A Microsoft employee was charged this week for stealing $10 million over the course of two years from the company. How did he do it? Believe it or not, it wasn’t that hard.
According to court documents, the employee, a 26-year-old Ukrainian named Volodymyr Kvashuk, worked as an engineer for the technology giant. His main job was to test Microsoft products, specifically by placing mock online orders to make sure the system was running as designed.
Of course, Kvashuk was unable to receive any of the fake orders he placed for testing purposes. But he noticed a flaw: He could place a real order for a virtual gift card and that gift card would then be sent to his test account. Ka-ching! He could then use the gift card as real money to purchase Microsoft products.
And purchase he did. He used his store credit to buy software subscriptions and other Microsoft items, including hardware. But that’s kind of boring, right? So naturally, the intrepid Kvashuk grew bolder. He figured out how to cash out his store credit into Bitcoin — which Microsoft’s online store accepts — and then convert the digital currency into hard cash using online exchange service Coinbase. This is not rocket science.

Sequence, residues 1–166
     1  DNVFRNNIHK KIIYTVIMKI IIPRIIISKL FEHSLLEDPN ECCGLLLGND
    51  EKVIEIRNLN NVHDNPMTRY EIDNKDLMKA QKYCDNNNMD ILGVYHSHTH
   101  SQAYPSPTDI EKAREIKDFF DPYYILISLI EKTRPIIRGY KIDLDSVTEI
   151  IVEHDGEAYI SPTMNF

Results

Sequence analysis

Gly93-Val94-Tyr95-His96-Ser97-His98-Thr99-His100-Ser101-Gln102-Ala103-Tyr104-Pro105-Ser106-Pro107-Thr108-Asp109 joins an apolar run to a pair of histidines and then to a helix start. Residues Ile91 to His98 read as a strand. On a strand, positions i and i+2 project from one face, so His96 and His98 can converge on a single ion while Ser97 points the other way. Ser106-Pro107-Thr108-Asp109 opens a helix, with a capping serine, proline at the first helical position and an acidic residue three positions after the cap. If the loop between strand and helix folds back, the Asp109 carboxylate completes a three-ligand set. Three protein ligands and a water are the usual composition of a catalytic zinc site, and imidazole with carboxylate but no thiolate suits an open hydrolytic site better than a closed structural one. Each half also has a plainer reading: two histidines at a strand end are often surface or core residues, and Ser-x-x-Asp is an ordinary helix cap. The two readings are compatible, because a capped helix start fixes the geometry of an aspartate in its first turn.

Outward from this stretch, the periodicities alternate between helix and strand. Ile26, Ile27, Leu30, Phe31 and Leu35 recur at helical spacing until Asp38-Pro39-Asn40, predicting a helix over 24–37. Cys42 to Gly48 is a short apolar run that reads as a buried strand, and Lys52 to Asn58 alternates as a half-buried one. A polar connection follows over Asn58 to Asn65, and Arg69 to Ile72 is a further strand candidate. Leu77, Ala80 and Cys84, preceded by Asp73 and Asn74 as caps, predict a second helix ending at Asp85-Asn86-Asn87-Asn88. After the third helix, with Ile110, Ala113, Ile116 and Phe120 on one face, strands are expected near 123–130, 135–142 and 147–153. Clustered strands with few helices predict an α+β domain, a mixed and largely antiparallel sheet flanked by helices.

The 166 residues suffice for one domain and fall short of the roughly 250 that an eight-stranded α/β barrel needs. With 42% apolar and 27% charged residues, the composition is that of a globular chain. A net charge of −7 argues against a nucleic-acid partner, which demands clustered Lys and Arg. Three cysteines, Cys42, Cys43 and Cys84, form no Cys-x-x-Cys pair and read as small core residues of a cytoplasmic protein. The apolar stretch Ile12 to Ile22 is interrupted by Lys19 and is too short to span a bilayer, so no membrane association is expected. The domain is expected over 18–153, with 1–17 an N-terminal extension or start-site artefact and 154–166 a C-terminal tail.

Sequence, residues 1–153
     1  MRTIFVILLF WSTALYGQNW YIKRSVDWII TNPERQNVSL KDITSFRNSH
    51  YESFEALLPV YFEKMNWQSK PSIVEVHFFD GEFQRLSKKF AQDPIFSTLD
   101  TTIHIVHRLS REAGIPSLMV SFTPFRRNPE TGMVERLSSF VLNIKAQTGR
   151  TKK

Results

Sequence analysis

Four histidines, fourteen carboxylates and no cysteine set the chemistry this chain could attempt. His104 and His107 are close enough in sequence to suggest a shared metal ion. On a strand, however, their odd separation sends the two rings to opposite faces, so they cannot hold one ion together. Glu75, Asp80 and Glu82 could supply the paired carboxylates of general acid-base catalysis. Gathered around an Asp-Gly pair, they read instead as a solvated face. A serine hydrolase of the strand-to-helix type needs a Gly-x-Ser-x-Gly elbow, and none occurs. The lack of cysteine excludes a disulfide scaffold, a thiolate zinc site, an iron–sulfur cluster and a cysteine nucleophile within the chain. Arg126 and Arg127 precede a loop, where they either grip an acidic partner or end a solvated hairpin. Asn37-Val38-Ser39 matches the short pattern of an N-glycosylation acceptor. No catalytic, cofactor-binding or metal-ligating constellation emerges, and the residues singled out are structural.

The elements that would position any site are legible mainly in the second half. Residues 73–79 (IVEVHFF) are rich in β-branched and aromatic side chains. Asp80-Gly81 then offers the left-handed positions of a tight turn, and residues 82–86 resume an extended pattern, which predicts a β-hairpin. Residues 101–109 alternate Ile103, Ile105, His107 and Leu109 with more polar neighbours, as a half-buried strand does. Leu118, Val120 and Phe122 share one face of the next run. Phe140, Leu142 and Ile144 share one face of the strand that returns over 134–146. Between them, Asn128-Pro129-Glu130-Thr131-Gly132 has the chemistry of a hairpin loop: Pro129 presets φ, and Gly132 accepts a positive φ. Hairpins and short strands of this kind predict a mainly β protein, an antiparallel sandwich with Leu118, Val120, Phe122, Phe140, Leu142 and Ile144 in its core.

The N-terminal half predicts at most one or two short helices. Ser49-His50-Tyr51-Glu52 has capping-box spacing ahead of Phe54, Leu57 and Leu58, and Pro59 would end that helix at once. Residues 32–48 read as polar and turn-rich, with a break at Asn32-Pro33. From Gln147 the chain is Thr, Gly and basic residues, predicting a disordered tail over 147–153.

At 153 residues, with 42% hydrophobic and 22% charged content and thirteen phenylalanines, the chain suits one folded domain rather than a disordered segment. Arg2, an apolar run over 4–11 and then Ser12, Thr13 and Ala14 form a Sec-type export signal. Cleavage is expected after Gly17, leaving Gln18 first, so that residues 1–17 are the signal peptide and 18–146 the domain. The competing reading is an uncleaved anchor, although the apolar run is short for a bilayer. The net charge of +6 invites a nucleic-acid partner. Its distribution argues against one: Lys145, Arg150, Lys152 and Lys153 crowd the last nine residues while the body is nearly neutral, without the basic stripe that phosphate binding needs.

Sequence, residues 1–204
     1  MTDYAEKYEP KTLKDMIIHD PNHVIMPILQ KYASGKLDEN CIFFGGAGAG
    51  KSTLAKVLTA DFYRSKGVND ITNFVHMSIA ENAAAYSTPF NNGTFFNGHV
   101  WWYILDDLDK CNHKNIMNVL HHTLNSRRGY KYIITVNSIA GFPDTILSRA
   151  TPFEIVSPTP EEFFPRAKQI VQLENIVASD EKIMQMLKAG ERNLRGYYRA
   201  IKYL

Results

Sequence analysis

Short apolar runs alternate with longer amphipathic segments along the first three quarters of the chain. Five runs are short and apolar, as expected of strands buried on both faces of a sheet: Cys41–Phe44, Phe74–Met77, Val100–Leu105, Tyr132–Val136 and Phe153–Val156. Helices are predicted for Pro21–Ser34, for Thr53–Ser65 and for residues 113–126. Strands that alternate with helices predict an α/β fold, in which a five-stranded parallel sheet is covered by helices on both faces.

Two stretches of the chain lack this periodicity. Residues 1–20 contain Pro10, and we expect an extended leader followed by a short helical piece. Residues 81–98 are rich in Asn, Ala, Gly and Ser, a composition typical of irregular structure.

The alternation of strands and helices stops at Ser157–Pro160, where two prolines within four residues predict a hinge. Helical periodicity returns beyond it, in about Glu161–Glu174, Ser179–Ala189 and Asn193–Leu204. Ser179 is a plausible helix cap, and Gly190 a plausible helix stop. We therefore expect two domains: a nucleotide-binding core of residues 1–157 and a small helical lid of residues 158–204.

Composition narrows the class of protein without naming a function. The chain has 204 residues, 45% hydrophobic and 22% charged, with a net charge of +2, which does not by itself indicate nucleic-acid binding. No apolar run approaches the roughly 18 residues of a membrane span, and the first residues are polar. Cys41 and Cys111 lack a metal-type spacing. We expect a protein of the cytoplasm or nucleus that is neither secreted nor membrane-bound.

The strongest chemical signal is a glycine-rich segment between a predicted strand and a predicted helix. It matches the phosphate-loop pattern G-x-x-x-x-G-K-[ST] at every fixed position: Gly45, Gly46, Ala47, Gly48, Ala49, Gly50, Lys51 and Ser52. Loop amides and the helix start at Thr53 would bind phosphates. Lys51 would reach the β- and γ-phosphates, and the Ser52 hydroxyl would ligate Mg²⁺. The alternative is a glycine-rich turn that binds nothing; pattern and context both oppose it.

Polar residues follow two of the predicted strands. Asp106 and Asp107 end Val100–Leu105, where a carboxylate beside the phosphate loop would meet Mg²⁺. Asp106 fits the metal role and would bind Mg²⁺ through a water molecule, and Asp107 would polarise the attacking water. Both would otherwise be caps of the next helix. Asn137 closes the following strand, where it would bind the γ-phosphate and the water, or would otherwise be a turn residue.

Oh, then he bought a Tesla and waterfront property, and that’s no so boring at all!
So how was the scheme uncovered? Court documents don’t say specifically, but it appears that as the need to cover his tracks became more urgent, Kvashuk started using the credentials of fellow employees that he was able to access from a shared worksheet to move money out and around to his own account. And of course, I’m surmising that people noticed the Tesla, as well as other signs of him living beyond the means of a typical engineer. People probably got suspicious, and those suspicions turned into an investigation. In the end, he was sentenced to nine years and ordered to make restitution.
Now, you may be wondering how this could happen to one of the world’s biggest technology companies, one that employs thousands of the best and the brightest and can well afford to implement the tools and internal controls necessary to avoid being embezzled. That’s a good question, and I’m pretty certain there are more than a few internal auditors at Microsoft who are being flogged. But enough about them. What’s even more important is if Microsoft can so easily get embezzled out of $10 million by one guy working out of a cubicle in Washington state, what about your little business?… Entreprenure